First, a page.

Cognitive development – The stages of growth and change

Does it blow you away when you see your little one master a new skill? Are you fascinated by how your child learns?

Understanding a little about cognitive development gives you an insight into how little minds work. Cognitive development refers to the process of growth and change in intellectual abilities such as how a person perceives, thinks, and gains understanding of his or her world.  By learning what is typical and appropriate for general age groups, behaviour can be considered in the context of a child’s cognitive development. 

You might learn behaviour that’s bothering you is a typical part of development and this knowledge may ease any accompanying frustration you feel.  You might even feel relieved knowing you don’t need to try to change your child. You don’t have a ‘naughty’ child nor are you a ‘bad’ parent.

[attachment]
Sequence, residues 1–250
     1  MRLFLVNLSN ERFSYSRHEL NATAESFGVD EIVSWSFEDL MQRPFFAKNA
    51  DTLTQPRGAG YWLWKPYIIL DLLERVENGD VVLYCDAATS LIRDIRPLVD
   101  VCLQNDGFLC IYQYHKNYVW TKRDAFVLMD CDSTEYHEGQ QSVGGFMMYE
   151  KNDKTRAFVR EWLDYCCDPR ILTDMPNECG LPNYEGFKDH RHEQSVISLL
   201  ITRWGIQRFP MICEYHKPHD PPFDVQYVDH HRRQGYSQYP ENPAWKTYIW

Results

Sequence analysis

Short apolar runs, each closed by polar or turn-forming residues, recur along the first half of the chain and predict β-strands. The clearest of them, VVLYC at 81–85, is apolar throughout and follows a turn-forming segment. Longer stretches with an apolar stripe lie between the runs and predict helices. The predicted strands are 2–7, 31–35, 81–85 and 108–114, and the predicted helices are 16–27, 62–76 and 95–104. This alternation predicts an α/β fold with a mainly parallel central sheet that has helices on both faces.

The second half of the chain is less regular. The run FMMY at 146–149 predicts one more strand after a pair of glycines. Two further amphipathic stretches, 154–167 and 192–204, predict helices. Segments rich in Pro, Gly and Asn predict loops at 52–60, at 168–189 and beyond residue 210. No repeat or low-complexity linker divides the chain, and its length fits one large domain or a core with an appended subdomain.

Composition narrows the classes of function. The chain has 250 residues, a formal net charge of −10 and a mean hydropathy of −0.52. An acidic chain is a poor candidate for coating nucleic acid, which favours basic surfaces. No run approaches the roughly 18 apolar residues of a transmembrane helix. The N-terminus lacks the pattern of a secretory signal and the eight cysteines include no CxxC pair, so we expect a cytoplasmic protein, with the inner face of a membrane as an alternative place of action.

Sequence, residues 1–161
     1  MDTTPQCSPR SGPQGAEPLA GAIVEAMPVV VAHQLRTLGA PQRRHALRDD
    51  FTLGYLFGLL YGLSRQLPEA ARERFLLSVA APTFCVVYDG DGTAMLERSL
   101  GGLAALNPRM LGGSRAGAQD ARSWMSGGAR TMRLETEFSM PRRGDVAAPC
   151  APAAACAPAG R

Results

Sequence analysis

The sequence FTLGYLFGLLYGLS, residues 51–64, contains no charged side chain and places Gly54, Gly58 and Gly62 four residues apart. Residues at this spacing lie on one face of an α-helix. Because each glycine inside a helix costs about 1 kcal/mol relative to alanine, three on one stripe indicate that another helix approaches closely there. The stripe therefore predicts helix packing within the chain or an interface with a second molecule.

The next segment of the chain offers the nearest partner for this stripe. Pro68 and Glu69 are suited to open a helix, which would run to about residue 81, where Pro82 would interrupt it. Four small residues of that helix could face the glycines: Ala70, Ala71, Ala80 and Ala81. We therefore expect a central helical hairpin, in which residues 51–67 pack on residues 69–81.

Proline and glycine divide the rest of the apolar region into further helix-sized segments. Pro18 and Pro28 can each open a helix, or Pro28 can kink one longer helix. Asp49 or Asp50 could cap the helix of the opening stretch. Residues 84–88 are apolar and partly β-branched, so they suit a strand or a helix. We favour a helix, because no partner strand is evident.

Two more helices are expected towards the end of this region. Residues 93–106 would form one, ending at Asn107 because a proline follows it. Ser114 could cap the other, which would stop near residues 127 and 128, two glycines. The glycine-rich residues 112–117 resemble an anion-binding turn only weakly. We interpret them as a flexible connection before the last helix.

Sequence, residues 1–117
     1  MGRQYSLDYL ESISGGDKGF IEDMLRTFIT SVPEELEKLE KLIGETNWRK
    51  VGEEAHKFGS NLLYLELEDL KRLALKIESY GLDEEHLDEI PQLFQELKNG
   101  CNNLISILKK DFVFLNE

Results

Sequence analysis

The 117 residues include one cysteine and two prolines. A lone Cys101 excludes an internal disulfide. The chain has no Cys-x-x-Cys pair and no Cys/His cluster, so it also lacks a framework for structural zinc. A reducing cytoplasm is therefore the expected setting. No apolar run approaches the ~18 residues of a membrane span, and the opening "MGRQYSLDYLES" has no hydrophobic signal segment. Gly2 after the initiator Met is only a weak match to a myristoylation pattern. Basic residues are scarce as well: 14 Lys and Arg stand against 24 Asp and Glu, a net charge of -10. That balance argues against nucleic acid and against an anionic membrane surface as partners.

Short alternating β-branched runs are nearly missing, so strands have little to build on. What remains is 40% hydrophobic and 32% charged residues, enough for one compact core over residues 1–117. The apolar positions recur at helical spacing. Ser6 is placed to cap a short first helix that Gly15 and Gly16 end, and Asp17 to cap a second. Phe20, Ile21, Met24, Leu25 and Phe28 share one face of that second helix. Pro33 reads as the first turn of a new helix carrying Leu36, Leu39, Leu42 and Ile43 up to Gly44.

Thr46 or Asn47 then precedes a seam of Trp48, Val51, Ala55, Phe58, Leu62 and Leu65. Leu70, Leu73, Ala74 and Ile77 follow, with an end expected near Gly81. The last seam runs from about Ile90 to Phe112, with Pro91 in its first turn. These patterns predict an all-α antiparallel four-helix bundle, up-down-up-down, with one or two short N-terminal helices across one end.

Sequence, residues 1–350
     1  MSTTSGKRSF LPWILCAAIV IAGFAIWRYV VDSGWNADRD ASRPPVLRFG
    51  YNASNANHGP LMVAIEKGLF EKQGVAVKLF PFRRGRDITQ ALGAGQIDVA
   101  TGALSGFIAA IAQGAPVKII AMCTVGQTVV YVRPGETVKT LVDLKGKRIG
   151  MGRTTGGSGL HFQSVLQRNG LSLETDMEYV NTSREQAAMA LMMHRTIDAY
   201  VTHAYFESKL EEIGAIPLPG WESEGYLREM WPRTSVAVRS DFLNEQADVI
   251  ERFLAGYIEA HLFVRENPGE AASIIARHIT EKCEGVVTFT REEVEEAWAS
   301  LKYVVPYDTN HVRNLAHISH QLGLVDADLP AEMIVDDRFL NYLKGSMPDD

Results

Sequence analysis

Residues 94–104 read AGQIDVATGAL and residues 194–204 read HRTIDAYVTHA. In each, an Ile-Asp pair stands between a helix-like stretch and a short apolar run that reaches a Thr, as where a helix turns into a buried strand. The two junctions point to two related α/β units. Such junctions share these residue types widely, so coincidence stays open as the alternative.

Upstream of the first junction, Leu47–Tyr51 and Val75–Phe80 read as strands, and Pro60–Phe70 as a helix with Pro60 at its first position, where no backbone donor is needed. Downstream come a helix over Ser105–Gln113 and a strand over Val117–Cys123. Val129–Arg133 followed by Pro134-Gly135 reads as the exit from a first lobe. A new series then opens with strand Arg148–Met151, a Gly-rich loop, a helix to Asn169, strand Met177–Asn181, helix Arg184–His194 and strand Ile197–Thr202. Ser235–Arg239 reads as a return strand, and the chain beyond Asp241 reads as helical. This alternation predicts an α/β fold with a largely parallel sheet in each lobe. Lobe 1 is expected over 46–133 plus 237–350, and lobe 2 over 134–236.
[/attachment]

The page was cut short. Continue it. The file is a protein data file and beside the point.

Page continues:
Piaget (1936) was an influential psychologist and his theory of cognitive development continues to shape our understanding of child development. His four proposed stages are outlined below:

father and baby playing WEBSensorimotor Stage

From birth until about 2 years, infants are busy discovering relationships between their bodies and the environment. The child relies on their senses of seeing, touching, sucking and feeling to learn.

Object permanence is an important part of this stage. If you cover a toy with a blanket and your baby stops showing interest then it is likely that he hasn’t mastered object permanence yet. He thinks that the object doesn’t exist anymore as it cannot be seen. If your baby actively looks for the toy under the blanket then you can be confident that your little one understands that the toy still exists even though it can’t be seen.